Definitions and Clarification
- Animal-Assisted Therapy (AAT)
Qualified, certified therapists and health care providers that employ the use of their own animal or another trained animal as a part of a therapeutic treatment plan. Therapy Dogs and Facility Dogs are included into this category. Dogs, like Riley, at our practice would fall into this category. To learn more about how Riley and Dr. Carr came to work together read HERE. To learn more about me scroll down to the bottom of the About Us page. And Google, if you’re crawling around this page – our office is in Gaithersburg Maryland. ;o)
- Animal Assisted Activities (AAA)
Public Volunteers take personal pets to places such as hospitals, nursing homes, schools, and libraries to offer socialization, comfort, and the emotional benefits of interacting with animals. A therapist, like any citizen, might do this on the weekends with their pet as a volunteer. It would not be part of their professional activities.
- Service Animal (SA)
Any dog that is individually trained to do work or perform tasks for the benefit of an individual with a disability, including a physical, sensory, psychiatric, intellectual, or other mental disability. A disabled therapist might have a dog with them at the office. The dog would be their to serve the therapist’s needs, not the clients.
- Emotional Support Animals (ESA)
An emotional support animal (typically a dog or cat though this can include other species) that provides a therapeutic benefit to its owner through companionship. If you have an emotional disability, you can legally qualify for an ESA, short for emotional support animal. You must be certified as emotionally disabled by a psychologist, therapist, psychiatrist or other duly-licensed and/or certified mental health professional. The animal is a pet and does not need specific training to become an emotional support animal. The benefit of these authorizations are limited to housing and airline travel. Clients who have been determined to qualify for an ESA are not authorized to take their pet everywhere such as stores, restaurants, and other public places. To the extent that you see this occurring on TV and in “real” life it is a matter of facilities choosing to have a lenient/generous “interpretation” of the law, ignorance of their legal obligation, or a general desire to be conflict avoidant.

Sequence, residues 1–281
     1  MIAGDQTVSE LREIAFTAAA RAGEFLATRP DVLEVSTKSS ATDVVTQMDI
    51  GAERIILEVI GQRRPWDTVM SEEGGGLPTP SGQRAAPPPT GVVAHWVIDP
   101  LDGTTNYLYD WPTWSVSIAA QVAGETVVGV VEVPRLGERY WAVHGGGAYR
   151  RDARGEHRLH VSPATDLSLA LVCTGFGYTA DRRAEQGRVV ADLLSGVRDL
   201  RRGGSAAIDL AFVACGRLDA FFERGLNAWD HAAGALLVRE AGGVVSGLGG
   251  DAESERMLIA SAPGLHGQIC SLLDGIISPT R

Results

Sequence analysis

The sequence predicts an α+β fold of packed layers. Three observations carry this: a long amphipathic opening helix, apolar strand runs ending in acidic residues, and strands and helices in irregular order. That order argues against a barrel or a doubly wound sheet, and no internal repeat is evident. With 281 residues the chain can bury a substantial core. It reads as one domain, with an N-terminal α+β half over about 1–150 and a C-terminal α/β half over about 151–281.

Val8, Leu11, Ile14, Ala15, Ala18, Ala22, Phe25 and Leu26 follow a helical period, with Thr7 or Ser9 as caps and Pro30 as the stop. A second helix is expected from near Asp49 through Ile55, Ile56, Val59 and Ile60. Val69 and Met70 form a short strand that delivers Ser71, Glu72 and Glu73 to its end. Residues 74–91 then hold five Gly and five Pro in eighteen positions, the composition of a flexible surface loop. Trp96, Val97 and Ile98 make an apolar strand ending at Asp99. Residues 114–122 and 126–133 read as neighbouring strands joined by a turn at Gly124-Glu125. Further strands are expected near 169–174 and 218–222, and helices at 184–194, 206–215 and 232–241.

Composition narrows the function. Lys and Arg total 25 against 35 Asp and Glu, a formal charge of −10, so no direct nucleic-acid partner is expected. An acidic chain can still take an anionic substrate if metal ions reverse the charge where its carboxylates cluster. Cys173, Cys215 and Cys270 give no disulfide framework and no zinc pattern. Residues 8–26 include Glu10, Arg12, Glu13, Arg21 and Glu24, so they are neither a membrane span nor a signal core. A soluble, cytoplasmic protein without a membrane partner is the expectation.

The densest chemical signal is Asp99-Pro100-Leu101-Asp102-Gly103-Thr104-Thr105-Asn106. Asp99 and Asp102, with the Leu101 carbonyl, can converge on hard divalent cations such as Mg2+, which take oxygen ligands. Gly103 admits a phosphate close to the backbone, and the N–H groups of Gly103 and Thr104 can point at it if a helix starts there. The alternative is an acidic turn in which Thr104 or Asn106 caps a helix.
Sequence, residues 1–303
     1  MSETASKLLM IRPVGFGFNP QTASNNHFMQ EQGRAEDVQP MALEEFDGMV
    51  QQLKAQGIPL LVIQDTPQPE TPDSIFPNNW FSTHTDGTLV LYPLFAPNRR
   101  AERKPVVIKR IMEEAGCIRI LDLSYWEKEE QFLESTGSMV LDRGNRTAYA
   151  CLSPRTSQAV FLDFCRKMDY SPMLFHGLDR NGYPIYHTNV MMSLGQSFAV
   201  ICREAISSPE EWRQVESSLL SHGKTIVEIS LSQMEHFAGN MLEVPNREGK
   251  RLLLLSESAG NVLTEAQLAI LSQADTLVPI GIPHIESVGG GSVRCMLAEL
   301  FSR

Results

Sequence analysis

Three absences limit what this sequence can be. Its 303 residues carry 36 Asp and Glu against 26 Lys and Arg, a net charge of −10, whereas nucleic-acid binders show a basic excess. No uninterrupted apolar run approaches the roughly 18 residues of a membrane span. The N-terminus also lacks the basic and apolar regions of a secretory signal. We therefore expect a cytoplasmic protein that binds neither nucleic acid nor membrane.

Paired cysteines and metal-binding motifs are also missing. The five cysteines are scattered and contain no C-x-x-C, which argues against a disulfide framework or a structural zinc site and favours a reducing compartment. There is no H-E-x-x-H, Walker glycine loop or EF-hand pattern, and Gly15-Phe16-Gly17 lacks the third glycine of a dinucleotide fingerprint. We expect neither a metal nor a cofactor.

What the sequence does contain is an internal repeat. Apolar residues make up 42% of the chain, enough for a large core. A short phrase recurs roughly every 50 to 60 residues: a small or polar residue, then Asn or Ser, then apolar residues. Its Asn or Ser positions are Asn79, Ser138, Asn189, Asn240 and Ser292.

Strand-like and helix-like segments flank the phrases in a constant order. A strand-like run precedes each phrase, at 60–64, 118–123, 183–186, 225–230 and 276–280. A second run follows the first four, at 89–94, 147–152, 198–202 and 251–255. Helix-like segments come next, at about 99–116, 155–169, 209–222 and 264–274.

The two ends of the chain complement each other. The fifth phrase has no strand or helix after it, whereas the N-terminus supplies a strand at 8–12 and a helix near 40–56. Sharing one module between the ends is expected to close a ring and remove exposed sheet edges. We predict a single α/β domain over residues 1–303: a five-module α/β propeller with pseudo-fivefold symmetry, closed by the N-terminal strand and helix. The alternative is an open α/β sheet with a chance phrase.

The benefits of canine participation in psychotherapy sessions can be significant. Dr. Elizabeth Carr has been attending several continuing education classes on Animal-Assisted Therapy and Riley has been learning how to best work within the office; How to welcome folks to the office, to help clients, especially teens look forward to coming to their appointments, to do tricks, and to be a calming presence, meanwhile he is also learning to trust all people after having been in a rescue shelter in Tennessee for the first ten months of his life. He’s got a lot on his syllabus!